President Obama reaffirmed his economic philosophy in the State of the Union address -- a government that works, invests, delivers opportunity, and that we can believe in. It is a lean government, not a big government. It is not a problem, but a problem-solver. The approach that Obama laid out for infrastructure and clean energy investment is emblematic. I describe it in my book: Obama's Bank: Financing a Durable New Deal.
Rather than looking to 2012, the State of the Union Address returned to 2008, on the campaign trail in Janesville. In front of an audience of workers at the GM Plant, Obama first set out his economic philosophy. The GM plant would not survive to see his inauguration; however, the approach that Obama set forth in Janesville was the template for the State of the Union address. What Obama said in Janesville in 2008 is far more inspiring and durable than Paul Ryan's rebut tonight.
Importantly, the Janesville speech -- and the State of the Union -- start off by reminding us that our crisis has been decades in the making. In other words, our crisis did not emerge in the subprime mortgage market, and it will note be solved there. Instead, we have divested from our real economy for decades. In the meantime, our new competitors -- China, etc -- have invested in state-of-the art infrastructure. As a result, we risk loosing our competitive edge.
In other words, we do not have the state-of-the-art infrastructure that makes companies like GE see the US as an attractive place to do business. Enlisting Jeffrey Immelt in our recovery effort is valuable for exactly this reason -- he knows what it takes to insource jobs, repatriate the operations of American firms, draw money out of the TARP banks and into our real economy.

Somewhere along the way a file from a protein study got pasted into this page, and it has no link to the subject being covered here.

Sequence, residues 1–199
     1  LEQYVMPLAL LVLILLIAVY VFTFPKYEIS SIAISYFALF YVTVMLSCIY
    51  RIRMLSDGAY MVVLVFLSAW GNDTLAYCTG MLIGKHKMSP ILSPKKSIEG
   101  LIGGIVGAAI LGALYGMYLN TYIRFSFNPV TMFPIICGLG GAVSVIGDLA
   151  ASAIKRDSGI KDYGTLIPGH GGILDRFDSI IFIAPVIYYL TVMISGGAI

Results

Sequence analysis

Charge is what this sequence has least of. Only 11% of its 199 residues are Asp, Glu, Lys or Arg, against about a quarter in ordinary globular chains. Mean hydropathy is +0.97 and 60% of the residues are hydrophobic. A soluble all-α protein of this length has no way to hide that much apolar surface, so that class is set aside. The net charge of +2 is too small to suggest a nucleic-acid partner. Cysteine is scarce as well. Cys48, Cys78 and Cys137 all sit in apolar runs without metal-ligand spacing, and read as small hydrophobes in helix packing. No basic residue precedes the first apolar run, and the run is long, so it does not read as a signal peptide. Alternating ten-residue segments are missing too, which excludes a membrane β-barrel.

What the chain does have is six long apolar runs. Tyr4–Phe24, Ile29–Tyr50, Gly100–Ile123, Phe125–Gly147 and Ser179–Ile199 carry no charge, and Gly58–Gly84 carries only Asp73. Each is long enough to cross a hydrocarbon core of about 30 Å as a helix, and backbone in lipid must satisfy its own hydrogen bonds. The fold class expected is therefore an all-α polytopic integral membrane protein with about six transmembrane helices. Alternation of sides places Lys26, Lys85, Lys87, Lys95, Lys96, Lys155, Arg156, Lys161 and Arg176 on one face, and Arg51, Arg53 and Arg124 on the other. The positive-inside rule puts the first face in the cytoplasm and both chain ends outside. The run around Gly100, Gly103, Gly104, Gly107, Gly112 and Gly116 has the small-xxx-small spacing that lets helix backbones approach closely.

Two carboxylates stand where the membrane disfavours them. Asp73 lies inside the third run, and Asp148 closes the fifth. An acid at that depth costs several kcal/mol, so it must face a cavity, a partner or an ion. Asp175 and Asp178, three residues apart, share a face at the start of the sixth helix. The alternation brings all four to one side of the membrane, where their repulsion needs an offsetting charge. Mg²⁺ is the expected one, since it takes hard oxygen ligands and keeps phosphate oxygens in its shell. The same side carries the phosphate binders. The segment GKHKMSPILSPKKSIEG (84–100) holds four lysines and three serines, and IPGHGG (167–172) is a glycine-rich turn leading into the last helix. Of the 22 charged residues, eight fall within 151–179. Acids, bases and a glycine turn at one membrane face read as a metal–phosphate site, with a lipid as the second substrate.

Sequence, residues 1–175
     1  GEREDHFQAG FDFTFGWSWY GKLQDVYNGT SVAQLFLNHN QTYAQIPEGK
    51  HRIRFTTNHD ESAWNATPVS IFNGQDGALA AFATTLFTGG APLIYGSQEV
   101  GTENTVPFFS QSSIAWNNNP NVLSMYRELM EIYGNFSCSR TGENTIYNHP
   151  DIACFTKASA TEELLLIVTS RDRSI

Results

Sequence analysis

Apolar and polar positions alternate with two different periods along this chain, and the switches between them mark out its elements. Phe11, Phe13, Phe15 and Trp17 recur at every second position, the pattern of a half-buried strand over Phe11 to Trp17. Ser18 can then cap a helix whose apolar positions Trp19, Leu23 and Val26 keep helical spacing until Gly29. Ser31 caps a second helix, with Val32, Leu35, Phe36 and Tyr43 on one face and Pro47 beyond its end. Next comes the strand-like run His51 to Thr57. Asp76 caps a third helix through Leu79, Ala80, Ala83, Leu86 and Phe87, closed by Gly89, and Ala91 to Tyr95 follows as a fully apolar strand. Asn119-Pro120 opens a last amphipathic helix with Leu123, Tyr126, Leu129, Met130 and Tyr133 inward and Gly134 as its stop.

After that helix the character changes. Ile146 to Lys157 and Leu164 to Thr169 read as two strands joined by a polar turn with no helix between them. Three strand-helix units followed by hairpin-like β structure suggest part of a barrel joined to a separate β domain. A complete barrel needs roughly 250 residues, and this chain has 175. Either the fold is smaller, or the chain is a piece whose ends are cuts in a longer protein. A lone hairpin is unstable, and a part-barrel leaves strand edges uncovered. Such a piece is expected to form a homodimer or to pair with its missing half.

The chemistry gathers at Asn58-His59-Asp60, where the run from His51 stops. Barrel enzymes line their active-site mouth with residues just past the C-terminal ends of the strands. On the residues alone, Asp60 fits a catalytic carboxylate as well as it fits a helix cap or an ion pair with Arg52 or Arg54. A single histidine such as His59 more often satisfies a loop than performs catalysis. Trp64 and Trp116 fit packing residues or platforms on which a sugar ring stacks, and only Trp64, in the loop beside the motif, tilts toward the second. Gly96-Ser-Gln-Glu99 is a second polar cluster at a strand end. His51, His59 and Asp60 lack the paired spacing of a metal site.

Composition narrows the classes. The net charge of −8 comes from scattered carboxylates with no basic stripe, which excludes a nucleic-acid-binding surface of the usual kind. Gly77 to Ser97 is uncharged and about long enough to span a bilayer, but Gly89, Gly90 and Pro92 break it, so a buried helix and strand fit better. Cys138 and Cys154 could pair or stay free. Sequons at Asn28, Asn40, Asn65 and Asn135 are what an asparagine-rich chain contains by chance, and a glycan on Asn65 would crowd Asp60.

And, just as in Janesville, Obama explained how we can co-invest with the private sector to return the country to its prestige place. The State of the Union spoke of the types of co-investments that happened during the Cold War that produced the Internet. Forget about the controversial shovel ready projects, few would deny that Obama's examples tonight of entrepreneurs who benefited from a little federal help -- not a lot -- have excelled in the midst of the crisis. Certainly, this is the story of GE in Schenectady.
When it came to infrastructure investment, Obama too returned to Janesville. We have a long term deficit in the infrastructure field. Our bridges crumble. The American Society of Engineers awarding us a D. Obama once again explained how we have to bring private investment into US infrastructure to solve this problem. Government lends a hand, but only as honey to attract private sector money.
And, it's all about the importance of opportunity -- from the nod to Biden and Boehner and their uniquely American stories to the need to invest in infrastructure not only to make our powerhouse metropolitan regions even more competitive. But instead, to make sure that the off-ramps of the high speed rail and our highways that we build today become the on-ramps of vibrant cities and towns tomorrow. This was the benefit of the Transcontinental Railroad, the Eisenhower national road system, and the Internet. This is the essence of not only the Progressive Movement, but also America Dream